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Minimal residual disease negativity in multiple myeloma is associated with intestinal microbiota composition

Matthew J. Pianko, Sean M. Devlin, Eric R. Littmann, Aisara Chansakul, Donna Mastey, Meghan Salcedo, Emily Fontana, Lilan Ling, Elizabet Tavitian, John B. Slingerland, Ann E. Slingerland, Annelie Clurman, Antonio L. C. Gomes, Ying Taur, Eric G. Pamer, Jonathan U. Peled, Marcel R. M. van den Brink, Ola Landgren and Alexander M. Lesokhin

Key Points

  • In patients with an MRD treatment response, we found a higher abundance of the butyrate producer E hallii.

  • Deep response to MM therapy is a biomarker for progression-free survival, suggesting association of microbial signature and patient outcome.

Abstract

Patients with multiple myeloma (MM) who achieve minimal residual disease (MRD) negativity after upfront treatment have superior outcomes compared with those who remain MRD+. Recently, associations have been shown between specific commensal microbes and development of plasma cell disorders. Here, we report the association between intestinal microbiota composition and treatment outcome in MM. Microbiota composition of fecal samples collected from 34 MM patients after induction therapy and at the time of flow cytometry–based bone marrow MRD testing was determined by 16S ribosomal RNA sequencing. We observed a higher relative abundance of Eubacterium hallii in the 16 MRD patients relative to the 18 MRD+ patients. No association was observed between microbial relative abundance and autologous stem cell transplantation history or MM paraprotein isotype. No differences in microbiota α diversity were observed between MRD and MRD+ patients. The potential association of microbiota composition with treatment response in MM patients is an important parameter for additional correlative and clinical investigation.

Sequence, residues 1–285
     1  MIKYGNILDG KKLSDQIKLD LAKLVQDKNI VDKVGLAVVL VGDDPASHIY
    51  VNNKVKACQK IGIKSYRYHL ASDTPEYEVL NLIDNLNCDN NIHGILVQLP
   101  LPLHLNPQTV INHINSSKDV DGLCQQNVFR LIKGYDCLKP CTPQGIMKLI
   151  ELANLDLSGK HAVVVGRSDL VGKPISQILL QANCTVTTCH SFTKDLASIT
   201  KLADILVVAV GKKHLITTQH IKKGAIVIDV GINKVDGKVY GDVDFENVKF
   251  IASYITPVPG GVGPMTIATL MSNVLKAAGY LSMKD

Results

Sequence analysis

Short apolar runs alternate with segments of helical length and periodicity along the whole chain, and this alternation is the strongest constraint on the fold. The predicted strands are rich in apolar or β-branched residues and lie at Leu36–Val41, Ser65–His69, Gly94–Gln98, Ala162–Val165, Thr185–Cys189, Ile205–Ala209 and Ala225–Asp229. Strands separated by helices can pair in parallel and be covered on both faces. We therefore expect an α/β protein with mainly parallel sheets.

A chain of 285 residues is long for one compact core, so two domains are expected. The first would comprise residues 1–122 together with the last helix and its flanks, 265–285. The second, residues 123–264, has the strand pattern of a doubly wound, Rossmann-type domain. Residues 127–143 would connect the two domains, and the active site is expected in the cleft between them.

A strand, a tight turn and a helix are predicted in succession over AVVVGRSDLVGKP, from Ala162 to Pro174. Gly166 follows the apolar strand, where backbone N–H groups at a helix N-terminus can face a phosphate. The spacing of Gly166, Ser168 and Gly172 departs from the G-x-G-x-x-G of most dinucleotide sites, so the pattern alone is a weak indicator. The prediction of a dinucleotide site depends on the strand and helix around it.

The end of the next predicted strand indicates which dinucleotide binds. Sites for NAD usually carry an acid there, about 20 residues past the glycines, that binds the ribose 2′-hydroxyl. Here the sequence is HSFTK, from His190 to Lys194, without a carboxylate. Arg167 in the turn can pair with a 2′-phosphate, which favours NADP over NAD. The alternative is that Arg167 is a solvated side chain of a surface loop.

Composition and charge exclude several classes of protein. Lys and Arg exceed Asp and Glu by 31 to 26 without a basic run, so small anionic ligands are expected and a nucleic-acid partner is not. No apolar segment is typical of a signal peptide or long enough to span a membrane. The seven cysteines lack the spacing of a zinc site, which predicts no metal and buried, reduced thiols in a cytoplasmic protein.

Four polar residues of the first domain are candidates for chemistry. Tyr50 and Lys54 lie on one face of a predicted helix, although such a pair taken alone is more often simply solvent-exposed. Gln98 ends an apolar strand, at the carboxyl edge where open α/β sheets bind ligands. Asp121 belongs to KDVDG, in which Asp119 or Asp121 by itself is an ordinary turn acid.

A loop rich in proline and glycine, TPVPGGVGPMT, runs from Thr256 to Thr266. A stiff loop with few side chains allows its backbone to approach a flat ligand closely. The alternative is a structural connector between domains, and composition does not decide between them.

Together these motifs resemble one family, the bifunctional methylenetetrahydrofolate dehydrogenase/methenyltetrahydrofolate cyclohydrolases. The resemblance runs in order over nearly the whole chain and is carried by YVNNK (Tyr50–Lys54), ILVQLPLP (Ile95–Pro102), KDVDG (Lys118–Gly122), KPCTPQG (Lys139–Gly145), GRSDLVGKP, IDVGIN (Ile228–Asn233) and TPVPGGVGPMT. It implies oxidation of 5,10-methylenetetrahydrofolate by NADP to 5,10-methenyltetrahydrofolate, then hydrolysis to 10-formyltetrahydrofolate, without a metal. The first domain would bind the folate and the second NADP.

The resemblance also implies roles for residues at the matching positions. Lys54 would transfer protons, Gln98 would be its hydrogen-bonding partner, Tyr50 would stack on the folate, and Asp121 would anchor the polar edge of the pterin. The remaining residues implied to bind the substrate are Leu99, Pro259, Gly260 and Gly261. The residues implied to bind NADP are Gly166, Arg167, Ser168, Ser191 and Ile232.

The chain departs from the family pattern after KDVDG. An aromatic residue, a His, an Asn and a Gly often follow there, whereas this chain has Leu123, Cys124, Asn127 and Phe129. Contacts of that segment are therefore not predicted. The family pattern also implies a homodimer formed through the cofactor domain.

Introduction

Multiple myeloma (MM) is a malignant plasma cell disorder that is highly responsive to first-line therapy. However, relapses with drug-resistant disease clones cause disease-related mortality. Newly diagnosed MM patients who achieve deep responses, characterized by minimal residual disease (MRD) negativity after upfront treatment, have superior outcomes compared with those who remain MRD+. The proportion of patients reaching MRD negativity is increasing with newer combination therapies.1 As such, MRD has become a clinically relevant end point in the development of modern therapies for MM.2

The gut microbiome has been implicated in numerous aspects of human health, including in the development of certain cancers, treatment response, and treatment-related toxicity.3 A commensal member of both the human and murine microbiota, Prevotella heparinolytica has promoted MM progression via interleukin-17 (IL-17)– and eosinophil-mediated inflammation in a mouse model of myelomagenesis.4 In humans, microbes of the genus Eubacterium have been associated with reduced risk of MM relapse after allogeneic hematopoietic cell transplantation.5 Studies evaluating the relationships between commensal microbiota, treatment, and/or toxicity in MM patients have yet to be performed.

Herein, we evaluate the relationship between intestinal microbiota and treatment outcome in MM by metagenomic analysis of prospectively collected fecal samples from patients who have completed induction therapy.

Methods